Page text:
There are works with which one feels a special bond. They are true, lifelong companions. For Simon Rattle, Benjamin Britten’s War Requiem is such a companion, a work he has often performed. In this urgent anti-war appeal, the English composer juxtaposed the Latin Mass for the dead with the shattering poetry of Wilfred Owen, the “war poet” who fell in the last days of World War I at the age of 25. “I am writing what I think will be one of my most important works. These magnificent poems, full of the hate of destruction, are a kind of commentary on the Mass” (Britten).
The score’s title page contains the following lines by Owen: “My subject is War, and the pity of War. The Poetry is in the pity. All a poet can do today is warn.” Britten set the various texts to music of immense vividness, expressive flexibility and dramatic consistency. The War Requiem was premiered with overwhelming success on 30 May 1962 in the newly rebuilt Coventry Cathedral, which had been destroyed in a German air raid in World War II.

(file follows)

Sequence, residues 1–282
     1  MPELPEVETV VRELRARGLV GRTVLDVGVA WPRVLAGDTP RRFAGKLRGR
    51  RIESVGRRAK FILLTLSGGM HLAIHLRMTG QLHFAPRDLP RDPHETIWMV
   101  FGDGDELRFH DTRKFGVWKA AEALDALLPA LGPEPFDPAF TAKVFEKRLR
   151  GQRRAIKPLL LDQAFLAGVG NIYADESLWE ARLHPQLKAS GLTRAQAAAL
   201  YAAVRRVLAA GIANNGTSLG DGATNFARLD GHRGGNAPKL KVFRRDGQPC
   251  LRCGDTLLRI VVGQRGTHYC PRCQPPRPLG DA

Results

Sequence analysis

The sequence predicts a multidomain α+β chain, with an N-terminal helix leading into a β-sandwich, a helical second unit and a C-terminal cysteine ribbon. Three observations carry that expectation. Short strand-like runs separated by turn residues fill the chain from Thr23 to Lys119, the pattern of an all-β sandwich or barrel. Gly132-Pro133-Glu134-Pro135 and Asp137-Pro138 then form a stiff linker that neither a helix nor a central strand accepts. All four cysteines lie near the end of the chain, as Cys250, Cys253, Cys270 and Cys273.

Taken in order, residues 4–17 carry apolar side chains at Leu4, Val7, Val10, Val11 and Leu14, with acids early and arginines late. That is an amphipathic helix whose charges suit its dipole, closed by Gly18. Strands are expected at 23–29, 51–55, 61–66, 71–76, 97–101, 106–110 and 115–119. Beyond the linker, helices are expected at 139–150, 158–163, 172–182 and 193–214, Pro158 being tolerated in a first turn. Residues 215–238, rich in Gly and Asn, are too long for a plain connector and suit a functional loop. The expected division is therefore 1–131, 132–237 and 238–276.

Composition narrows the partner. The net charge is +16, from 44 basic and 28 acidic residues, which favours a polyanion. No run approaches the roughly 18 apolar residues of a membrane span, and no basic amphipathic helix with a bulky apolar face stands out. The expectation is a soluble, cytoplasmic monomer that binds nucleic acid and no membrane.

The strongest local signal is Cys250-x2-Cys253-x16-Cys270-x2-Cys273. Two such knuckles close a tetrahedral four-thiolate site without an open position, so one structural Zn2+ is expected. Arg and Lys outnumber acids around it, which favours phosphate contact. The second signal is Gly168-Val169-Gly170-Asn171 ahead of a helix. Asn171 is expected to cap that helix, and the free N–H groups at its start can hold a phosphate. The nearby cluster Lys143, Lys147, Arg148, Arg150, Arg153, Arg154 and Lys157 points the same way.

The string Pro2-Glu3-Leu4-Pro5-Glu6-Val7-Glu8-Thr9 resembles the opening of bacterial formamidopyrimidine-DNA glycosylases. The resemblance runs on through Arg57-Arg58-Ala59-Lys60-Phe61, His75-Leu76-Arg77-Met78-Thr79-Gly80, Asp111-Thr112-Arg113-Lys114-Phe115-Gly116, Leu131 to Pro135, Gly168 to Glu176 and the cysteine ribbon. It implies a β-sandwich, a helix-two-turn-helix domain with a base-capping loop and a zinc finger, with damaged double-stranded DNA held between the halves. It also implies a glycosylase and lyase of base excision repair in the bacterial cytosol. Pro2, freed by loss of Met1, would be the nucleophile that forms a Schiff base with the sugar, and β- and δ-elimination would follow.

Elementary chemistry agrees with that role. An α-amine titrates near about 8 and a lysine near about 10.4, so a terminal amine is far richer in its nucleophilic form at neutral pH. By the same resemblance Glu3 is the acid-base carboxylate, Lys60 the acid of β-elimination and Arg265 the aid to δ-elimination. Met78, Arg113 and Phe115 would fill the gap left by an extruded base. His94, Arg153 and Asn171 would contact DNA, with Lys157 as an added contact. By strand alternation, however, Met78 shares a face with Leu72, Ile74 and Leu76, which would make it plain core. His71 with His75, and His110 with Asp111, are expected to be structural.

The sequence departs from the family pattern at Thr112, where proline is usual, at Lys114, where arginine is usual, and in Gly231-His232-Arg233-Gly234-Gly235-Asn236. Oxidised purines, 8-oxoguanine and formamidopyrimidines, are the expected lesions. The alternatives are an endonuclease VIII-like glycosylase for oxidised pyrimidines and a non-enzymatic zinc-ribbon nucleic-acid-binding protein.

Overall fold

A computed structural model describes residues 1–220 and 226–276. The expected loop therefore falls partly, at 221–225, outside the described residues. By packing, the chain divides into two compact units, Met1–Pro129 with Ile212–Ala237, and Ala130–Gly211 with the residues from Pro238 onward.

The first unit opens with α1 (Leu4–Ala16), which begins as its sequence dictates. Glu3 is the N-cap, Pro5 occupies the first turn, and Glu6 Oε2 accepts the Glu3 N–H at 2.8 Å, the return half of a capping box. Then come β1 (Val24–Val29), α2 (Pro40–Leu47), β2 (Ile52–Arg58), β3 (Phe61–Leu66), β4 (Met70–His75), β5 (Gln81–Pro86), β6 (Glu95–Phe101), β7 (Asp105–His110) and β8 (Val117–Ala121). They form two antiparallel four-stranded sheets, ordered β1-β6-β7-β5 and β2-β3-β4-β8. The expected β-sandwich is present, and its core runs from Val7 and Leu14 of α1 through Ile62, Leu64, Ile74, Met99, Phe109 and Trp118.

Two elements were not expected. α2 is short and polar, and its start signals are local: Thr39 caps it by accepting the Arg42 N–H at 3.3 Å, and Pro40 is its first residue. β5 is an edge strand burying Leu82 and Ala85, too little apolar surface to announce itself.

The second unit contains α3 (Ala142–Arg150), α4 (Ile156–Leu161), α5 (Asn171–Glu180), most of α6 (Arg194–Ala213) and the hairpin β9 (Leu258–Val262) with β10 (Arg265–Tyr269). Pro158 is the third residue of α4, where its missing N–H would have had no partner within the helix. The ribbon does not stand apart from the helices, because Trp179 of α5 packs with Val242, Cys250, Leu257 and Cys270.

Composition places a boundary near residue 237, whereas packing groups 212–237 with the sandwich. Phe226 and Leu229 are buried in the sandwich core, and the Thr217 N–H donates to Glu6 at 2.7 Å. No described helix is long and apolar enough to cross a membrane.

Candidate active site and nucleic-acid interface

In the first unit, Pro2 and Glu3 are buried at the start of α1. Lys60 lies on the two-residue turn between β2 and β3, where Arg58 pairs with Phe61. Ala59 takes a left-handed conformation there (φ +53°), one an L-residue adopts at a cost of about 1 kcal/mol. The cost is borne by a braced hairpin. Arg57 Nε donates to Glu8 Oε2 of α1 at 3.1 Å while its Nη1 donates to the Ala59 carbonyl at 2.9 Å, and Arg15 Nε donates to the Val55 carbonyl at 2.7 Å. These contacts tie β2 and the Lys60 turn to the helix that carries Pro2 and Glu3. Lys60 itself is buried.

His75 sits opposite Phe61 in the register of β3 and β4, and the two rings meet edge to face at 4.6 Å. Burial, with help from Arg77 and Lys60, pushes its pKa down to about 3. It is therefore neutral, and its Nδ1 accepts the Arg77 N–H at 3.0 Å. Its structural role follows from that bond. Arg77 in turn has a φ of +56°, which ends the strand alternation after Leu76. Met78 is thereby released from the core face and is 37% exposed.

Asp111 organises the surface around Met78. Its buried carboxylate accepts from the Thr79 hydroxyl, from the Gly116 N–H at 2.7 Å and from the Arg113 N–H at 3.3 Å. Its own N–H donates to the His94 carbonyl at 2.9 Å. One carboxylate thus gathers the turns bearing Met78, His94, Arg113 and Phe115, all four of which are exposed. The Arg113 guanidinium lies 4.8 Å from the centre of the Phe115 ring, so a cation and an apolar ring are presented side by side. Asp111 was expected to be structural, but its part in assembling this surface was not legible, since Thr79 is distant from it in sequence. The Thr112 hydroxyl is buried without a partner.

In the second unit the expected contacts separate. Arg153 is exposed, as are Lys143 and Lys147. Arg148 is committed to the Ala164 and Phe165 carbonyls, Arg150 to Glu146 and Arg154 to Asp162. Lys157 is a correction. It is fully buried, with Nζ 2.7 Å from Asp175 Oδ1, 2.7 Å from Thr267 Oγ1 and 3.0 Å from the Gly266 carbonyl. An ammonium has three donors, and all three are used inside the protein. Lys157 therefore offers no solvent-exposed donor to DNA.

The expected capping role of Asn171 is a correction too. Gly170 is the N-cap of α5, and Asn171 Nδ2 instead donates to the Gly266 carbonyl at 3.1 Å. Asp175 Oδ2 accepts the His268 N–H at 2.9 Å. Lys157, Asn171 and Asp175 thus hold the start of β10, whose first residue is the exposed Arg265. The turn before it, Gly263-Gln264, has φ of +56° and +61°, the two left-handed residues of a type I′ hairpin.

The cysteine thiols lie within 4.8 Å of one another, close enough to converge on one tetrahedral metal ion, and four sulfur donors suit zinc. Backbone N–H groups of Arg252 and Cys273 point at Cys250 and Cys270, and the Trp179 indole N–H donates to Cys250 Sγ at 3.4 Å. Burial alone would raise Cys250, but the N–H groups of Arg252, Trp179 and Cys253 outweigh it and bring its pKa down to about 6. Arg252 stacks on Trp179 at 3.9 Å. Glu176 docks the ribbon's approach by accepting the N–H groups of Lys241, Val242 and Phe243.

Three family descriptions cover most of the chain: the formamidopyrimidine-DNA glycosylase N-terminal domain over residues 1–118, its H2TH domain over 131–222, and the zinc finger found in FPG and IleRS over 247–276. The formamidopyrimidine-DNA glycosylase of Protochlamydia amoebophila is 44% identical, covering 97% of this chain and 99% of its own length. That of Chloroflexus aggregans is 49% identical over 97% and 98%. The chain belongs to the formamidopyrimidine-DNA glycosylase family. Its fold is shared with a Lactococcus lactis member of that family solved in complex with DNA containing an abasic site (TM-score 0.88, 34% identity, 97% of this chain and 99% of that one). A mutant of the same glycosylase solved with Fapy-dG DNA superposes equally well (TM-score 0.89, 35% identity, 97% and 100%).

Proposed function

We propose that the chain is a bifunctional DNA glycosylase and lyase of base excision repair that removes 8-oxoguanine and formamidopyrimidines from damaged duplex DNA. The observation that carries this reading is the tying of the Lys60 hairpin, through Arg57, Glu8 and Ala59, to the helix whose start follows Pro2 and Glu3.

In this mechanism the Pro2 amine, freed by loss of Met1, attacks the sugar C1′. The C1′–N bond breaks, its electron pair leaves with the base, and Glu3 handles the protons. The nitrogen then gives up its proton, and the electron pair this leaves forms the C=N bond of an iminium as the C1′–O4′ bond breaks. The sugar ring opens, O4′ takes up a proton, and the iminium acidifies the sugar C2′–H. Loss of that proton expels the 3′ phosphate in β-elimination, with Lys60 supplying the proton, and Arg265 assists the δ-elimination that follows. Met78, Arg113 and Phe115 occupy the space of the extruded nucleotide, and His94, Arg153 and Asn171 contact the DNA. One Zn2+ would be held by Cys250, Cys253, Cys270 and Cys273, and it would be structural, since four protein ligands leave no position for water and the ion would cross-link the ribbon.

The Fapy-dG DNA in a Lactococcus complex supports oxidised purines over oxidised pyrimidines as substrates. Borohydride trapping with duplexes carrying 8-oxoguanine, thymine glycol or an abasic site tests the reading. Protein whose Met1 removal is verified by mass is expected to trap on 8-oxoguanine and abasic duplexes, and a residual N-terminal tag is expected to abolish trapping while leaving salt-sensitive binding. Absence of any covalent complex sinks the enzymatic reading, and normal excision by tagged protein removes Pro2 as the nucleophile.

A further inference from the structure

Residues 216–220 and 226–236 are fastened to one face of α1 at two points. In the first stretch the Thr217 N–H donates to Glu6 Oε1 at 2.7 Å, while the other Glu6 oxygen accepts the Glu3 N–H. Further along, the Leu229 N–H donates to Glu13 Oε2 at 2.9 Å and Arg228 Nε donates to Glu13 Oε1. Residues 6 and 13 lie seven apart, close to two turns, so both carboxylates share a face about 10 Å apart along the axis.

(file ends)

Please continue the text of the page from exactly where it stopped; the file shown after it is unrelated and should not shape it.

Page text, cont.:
Five days earlier William Mann, long-time chief music critic of the Times of London, had written: “Any new Requiem setting has to compete with Verdi’s and Fauré’s and Mozart’s treatment of the same words. Britten has approached the task in his own fresh and deeply felt way. It is not a requiem to console the living. Sometimes it does not even help the dead to sleep soundly. It can only disturb every living soul, for it denounces the barbarism more or less awake in mankind with all the authority a great composer can muster. There can be no doubt […] This is Britten’s masterpiece.”